Beautiful Zagato car that is. Just for the record : the Dutch guy that initiated this car is called Paul Koot from Lusso Classic Cars Holland. He persuaded Andrea Zagato to create his dream! 😉

Marco Lora
Marco Lora

This concept design has not been permanently abandoned, but has been transferred into the beautiful Alfa Romeo Brera.


As far as I remember Zagato very much hoped that the Hyena would enter (limited) production after SZ/RZ production finished at their prmises in Terrazzano di Rho. The Hyena even carried over the glass/roof structure from the SZ.. But Lancia didn’t approve supply of chassis/engines for production in the end as Zagato had hoped. They did however approve the use of the Lancia badge on the car if Zagato wanted to reskin Integrales. Personally I prefer Marco Pedracini’s Hyena design to the more brutal Fiat-penned SZ’s lines. Not sure about Guitar Slinger’s comments… I seem to remember contemporary reviews saying… Read more »

Edward Levin
Edward Levin

Just to keep the record straight, there was never a chance of Hyena production. And the Hyena has absolutely no connection to Lancia’s rally program. The Hyena wasn’t a factory project. Zagato was commissioned by a Dutch dealer to design & build a very limited production model based on the Integrale. There was no factory support; Zagato had to buy Integrales from dealers and throw away the factory body. That’s why they cost so much. I have a copy of the brochure and price list, and while the price list calls it the “Lancia Hyena Zagato”, the glossy brochure doesn’t… Read more »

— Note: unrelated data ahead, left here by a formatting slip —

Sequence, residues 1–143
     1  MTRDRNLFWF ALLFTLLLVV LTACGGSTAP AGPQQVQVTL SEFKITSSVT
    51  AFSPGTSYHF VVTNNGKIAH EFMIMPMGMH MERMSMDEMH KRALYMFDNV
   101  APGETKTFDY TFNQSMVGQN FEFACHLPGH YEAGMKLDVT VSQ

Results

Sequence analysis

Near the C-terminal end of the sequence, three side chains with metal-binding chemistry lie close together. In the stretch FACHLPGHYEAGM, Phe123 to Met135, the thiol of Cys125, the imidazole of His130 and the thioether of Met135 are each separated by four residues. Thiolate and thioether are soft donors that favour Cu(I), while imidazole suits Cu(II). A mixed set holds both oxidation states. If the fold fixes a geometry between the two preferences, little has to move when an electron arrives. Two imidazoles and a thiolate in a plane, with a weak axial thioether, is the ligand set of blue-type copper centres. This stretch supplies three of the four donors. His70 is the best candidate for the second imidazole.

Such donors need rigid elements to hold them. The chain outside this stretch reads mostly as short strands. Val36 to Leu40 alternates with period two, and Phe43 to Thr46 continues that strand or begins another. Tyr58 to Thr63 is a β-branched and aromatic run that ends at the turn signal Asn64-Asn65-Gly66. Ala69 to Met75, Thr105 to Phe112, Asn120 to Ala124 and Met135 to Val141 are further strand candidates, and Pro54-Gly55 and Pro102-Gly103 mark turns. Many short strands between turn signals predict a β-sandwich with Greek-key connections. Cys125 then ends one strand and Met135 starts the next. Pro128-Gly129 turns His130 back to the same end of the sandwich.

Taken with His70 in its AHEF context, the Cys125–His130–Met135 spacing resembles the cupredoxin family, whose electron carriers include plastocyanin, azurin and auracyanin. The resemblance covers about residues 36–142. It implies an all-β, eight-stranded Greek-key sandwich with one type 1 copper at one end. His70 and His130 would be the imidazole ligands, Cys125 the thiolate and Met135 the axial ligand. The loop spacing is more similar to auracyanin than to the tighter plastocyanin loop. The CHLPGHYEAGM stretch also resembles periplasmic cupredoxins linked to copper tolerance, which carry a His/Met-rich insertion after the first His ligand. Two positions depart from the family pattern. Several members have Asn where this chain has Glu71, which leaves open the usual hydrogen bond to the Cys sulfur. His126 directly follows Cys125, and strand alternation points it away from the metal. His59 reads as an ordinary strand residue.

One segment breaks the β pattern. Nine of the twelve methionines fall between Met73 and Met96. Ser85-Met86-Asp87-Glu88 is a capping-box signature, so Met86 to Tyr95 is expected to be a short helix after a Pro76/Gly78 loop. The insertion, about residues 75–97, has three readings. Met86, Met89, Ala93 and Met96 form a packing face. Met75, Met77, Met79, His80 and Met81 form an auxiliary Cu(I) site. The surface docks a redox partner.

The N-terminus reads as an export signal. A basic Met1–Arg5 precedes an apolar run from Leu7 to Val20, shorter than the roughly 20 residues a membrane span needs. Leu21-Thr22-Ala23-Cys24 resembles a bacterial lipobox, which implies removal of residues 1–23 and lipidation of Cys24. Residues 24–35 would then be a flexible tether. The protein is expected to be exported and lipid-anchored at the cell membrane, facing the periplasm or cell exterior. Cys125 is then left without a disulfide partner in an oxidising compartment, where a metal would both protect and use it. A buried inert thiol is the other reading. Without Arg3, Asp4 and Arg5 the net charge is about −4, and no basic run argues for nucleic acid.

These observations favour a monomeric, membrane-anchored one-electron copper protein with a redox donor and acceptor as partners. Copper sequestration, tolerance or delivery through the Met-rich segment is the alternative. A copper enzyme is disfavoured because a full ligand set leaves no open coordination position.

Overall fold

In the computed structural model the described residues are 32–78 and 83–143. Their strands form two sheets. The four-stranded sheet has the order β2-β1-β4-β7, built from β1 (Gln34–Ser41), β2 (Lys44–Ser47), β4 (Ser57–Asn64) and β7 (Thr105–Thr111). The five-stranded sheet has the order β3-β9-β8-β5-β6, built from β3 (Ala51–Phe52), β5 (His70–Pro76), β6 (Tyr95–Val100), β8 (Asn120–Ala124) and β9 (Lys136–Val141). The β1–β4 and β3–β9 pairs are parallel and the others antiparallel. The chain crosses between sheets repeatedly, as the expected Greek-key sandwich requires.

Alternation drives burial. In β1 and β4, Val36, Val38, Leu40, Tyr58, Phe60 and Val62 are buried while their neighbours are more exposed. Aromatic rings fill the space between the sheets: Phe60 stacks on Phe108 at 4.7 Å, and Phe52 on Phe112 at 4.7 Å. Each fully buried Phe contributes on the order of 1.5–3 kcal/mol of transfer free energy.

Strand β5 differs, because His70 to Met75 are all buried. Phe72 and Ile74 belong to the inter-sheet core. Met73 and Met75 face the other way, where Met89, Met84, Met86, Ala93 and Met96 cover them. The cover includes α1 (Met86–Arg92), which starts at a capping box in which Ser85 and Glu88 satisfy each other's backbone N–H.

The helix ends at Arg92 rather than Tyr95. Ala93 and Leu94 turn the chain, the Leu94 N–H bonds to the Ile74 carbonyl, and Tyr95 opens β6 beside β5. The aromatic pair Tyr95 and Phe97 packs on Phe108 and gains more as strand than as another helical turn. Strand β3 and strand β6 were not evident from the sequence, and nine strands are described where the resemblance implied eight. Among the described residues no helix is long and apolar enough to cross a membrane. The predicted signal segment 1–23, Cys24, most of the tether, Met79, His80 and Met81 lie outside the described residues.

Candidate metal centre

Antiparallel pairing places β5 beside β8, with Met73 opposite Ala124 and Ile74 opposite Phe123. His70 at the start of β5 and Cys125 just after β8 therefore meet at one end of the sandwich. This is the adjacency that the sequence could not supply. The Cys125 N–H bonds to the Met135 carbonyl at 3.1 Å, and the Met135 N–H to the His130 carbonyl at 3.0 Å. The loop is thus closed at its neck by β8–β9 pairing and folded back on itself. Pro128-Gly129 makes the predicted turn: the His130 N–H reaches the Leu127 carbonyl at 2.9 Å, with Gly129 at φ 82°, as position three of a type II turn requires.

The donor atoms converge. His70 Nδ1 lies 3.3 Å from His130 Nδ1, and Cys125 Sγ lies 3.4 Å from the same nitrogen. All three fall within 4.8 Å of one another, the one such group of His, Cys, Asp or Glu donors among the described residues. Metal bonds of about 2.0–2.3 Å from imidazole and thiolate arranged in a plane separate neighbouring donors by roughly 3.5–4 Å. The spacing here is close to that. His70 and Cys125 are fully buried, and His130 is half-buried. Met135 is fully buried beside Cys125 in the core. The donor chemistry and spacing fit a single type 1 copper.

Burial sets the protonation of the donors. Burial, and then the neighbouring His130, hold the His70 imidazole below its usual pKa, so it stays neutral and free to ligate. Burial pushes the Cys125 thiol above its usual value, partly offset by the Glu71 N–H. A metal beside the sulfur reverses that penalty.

Amaury Laparra
Amaury Laparra

Its history is really interesting and I have to agree with Guitar Slinger, it was more about the style than to win a Group rally!

Saw a grey one in Paris two weeks ago and looks much better in person. Can’t wait to see this Kermit one at the Artcurial auction.

Leon Prinsloo
Leon Prinsloo

What a stunning machine. So sad. I think if it was planned properly those would’ve sold like hot cakes.

Chris Mospaw
Chris Mospaw

I will buy it and I will name it Kermit.


I like these but isn’t this the Hyena that was offered at at 169k euro in fall on ( I think the price estimate is crazy and the photographs have been carefully touched up to make the colors quite a bit more vibrant (compare to the bring a trailer colors). A yellow one sold about a year ago in Switzerland for 90k. Sadly, I missed it… I love Petrolicious, it’s hands down the best car related site! Two minor gripes – titles that are at times too over the top (“The XYZ that changed ABC forever!”) and articles… Read more »

Frank Anigbo
Frank Anigbo

“titles that are at times too over the top (“The XYZ that changed ABC forever!”) ”

If I could have anything for a belated Christmas present, please let it be the end of these sorts of over-the-top article titles. It’s too cheesy for Petrolicious.

Guitar Slinger
Guitar Slinger

Oh … and by the way … when any serious and well informed gear/petrolhead thinks of Lancia and rallying the first cars that should always come to mind are The Stratos 037 Delta S4 Delta /integrale ( which was Group A ) The liveries that should come up are ; Alitalia Martini & Rossi With the emphasis being on the Group A Integrale .. the most successful rally car in Lancia’s long and storied history . The Group B cars may of been the fire breathing cool cars of the bunch .. and all the Group 2. 3 & 4… Read more »

Guitar Slinger
Guitar Slinger

The real question is …. Who on gods little gear/petrolhead earth hasn’t heard of the Hyena .. not to mention all the stories rumors and myths that surround the car ? All those raising their hands a little remedial training is in order so step to the back and head over to Gear/PetrolHead 101 for Beginners . Hmm .. now that that has been said …. as to the car itself . As a minor blip in Lancia’s history [ that btw would of never qualified for Group A competition because it was too short a two seater etc ]… Read more »

John Dane
John Dane

I’ve heard of this one before. I think it’s really cool.